Which types of condoms are best for preventing pregnancy?
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The pros and cons of female condoms
Condoms are public health's first line of defence when it comes to protecting us from STIs - so much so that putting a condom on a banana is the defining image of many people's sex education. But there are more options than you might realise.
Internal condoms never really took off after their introduction in 1992. They instead became a bit of a divisive product - most people who've tried them either love or hate them. Lots of people don't even know that they exist. So we're taking a dive into the benefits and drawbacks to help you decide if an internal condom is right for you.
What is an internal condom?
What we typically recognise as a condom - when rolled up resembling a small rubber hat - is actually the 'male' or 'external' condom, worn on the penis. The 'female' condom, or 'Femidom', now known as the internal condom, is a barrier method which is inserted into the vagina or anus, to protect against pregnancy and STIs. It is a soft, pouch with a ring on each end: one to keep the condom in place internally, and one which hangs outside of the body.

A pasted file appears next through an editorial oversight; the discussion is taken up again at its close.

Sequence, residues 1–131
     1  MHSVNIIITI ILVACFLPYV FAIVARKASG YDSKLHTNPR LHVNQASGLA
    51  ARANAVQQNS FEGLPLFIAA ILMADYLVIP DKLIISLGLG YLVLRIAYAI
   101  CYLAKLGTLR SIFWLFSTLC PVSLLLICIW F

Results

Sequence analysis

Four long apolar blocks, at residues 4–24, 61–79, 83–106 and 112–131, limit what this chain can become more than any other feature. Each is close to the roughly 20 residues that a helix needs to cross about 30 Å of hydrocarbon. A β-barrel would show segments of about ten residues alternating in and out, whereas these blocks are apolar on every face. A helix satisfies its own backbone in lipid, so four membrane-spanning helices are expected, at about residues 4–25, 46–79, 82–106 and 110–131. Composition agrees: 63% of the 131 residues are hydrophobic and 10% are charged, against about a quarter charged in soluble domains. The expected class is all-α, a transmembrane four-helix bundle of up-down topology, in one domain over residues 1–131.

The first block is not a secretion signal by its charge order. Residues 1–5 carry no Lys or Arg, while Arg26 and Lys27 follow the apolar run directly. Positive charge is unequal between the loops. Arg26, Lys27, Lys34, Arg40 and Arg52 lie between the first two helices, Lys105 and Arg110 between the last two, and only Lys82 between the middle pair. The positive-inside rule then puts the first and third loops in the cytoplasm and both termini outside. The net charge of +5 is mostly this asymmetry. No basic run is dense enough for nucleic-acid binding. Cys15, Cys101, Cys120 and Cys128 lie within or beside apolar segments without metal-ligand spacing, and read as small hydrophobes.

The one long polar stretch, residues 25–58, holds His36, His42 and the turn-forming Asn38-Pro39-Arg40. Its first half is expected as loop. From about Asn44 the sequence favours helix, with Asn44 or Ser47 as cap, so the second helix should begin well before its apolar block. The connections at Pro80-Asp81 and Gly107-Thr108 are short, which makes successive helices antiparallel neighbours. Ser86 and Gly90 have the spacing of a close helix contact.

The internal condom is the only barrier method for penetrative sex which is controlled by the person receiving. Unlike the traditional condom, the internal condom doesn't rely on the person with a penis or sex toy putting it on and knowing how to do so correctly.
Internal condoms can be used vaginally or anally, although there is limited research on their effectiveness for anal sex. "Some men who have sex with men (MSM) use internal condoms in their rectum - they usually take the top ring out - which is why they are now called internal condoms rather than Femidoms," says Jackie Redding, Head of Operations at young people's sexual health charity, Brook.
"They will protect both the insertive and receptive partner but if the receptive partner has more than one partner without changing the condom, they will only protect the receptive partner," she explains.
Once an internal condom has been used, it doesn't have to be taken out immediately, unlike an external condom. When it's removed from the vagina or anus, the end should be twisted to contain any ejaculate, and the condom should be disposed of.
Which types of condoms are best for preventing pregnancy?
There are now many different condoms to choose from, in a wide variety of colours, shapes and si...
Internal condoms can be inserted up to eight hours before sex, so putting one in isn't going to kill the mood or disrupt an erection - no worries about fumbling around for a condom in the heat of the moment!
This is also one of its drawbacks. Some users recommend that the internal condom should be inserted at least twenty minutes before sex to be effective and comfortable as it helps the condom to adhere to the walls of the vagina or anus. This means you have to be able to somewhat anticipate that you will be having sex. Unlike the male condom, the internal condom doesn't require an erection to be used.